Earthly Possessions by Anne Tyler (1977)

This year I’m joining in Liz’s readalong for all of the Anne Tyler novels that I own and haven’t read yet – or at least the ones I can access; others are marooned in a box in the States. Earthly Possessions was Tyler’s seventh novel and is refreshingly different from the 12 of her books I’d read previously. (Liz’s review is here, and Cathy has also recently reviewed it here.) The action begins in a typical Maryland setting but soon hits the road. After years of coasting along unhappily, Charlotte Emory, 35, has finally decided to leave her preacher husband and their two children, and is at the bank in Clarion (a fictional town) to withdraw money for the journey. Jake Simms, recently escaped from the county jail, is here to get cash, too, and Charlotte is his sole hostage in the bungling robbery that follows.

The first-person narration struck me as rare for Tyler – though I’d have to go back to all the others I’ve read to confirm that they’re in the third-person omniscient, as in my memory – and the structure is very effective, alternating chapters about Jake and Charlotte’s hapless road trip to Florida with extended flashbacks to Charlotte’s earlier life, from childhood right up to the moment she decided to leave Saul. Her family background is similar to Daisy’s in Carol Shields’s The Stone Diaries: both characters had an overweight mother who didn’t realize she was pregnant until all of a sudden she gave birth to a daughter. After her father’s death, Charlotte felt obliged to take over his photographic studio and she and her mother had lodgers in their unusual turreted home beside a gas station. One of these lodgers was Saul.

The title contrasts Saul’s heavenly concerns with the mess of life on earth. Charlotte is a Marie Kondo disciple avant la lettre, purging her home of superfluous furniture and cutting herself off from unnecessary people.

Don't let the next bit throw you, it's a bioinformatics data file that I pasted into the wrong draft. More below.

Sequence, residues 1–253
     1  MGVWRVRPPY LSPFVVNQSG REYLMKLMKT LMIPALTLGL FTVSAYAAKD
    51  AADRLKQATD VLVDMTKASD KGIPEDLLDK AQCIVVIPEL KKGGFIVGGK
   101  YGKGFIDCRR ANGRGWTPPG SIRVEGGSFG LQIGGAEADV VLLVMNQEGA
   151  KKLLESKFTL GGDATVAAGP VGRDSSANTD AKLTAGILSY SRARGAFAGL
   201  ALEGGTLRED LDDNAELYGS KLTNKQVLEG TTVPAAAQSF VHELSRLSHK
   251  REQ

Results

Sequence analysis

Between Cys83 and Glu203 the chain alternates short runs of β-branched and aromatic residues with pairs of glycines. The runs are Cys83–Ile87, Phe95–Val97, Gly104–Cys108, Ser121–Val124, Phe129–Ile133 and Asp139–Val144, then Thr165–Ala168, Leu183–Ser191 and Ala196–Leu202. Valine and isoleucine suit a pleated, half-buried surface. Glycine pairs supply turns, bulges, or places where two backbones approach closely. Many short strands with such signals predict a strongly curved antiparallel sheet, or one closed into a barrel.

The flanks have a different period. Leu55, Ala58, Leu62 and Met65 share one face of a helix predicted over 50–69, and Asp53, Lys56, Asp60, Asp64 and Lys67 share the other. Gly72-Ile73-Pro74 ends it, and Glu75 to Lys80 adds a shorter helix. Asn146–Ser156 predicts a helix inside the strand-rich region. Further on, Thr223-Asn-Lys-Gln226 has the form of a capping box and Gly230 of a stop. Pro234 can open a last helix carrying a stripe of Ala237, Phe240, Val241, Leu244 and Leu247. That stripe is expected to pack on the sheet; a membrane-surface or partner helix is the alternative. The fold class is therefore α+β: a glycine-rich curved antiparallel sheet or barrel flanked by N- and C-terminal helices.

“My life has been a history of casting off encumbrances, paring down to the bare essentials, stripping for the journey. Possessions make me anxious.”

“I gave up hope. Then in order not to mind too much I loosened my roots, floated a few feet off, and grew to look at things with a faint, pleasant humorousness that spiced my nose like the beginnings of a sneeze. … My world began to seem…temporary. I saw that I must be planning to leave, eventually.”

A passive woman reaching a breaking point and leaving the life she’s been stuck in is a setup that anticipates Ladder of Years, one of my favourites from Tyler, and the protagonists’ emotional circuit and eventual destination are similar. Themes from The Clock Winder, and from her work in general, recur: a big, quirky family; mental illness; brothers squabbling over a woman; secrets; and bereavement. I enjoyed the touch of reverse Stockholm syndrome as Jake comes to rely on Charlotte for help with placating his pregnant girlfriend. And I was delighted to see a little mention of a character who “suffered one of his lapses and lost three hundred dollars at the Bowie Racetrack” – I grew up in Bowie and my parents lived on Race Track Road, just down from the (now derelict) track, for 13 years.

I’d never heard of this novel before I found it at a charity shop a few years ago. It ended up being a real gem, covering a lot of literal and psychological ground in its 200 small-format pages and doing something a bit different from the standard Tyler narrative while still staying true to her trademark themes and bittersweet sense of humour. I heartily recommend this one.

 

Favourite lines:

“I saw that all of us lived in a sort of web, criss-crossed by strings of love and need and worry.”

“Oh, I’ve never had the knack of knowing I was happy right while the happiness was going on.”

 

My rating:

 

The 13 Tyler novels I’ve read, in order of preference (greatest to least), are:

Dinner at the Homesick Restaurant

Ladder of Years

The Accidental Tourist

Earthly Possessions

Breathing Lessons

Digging to America

Vinegar Girl

Clock Dance

Back When We Were Grown-ups

A Blue Spool of Thread

The Beginner’s Goodbye

Redhead by the Side of the Road

The Clock Winder

 

Next up for me will be Saint Maybe in late June.

22 responses

  1. I don’t know this one. It seems I should plug the gap.

    Liked by 1 person

    1. The other early one of hers that I recently tried, The Clock Winder, was not a great example. But this one is well worth seeking out.